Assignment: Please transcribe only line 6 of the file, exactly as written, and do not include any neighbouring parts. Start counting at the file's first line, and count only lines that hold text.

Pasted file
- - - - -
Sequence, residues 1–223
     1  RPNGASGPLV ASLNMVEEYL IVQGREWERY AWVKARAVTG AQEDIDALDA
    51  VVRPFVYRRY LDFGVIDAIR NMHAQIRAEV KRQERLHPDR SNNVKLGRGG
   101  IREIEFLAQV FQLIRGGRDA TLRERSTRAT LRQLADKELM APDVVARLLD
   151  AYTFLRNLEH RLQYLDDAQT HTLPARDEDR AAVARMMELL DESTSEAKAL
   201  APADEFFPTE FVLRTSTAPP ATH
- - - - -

   201  APADEFFPTE FVLRTSTAPP ATH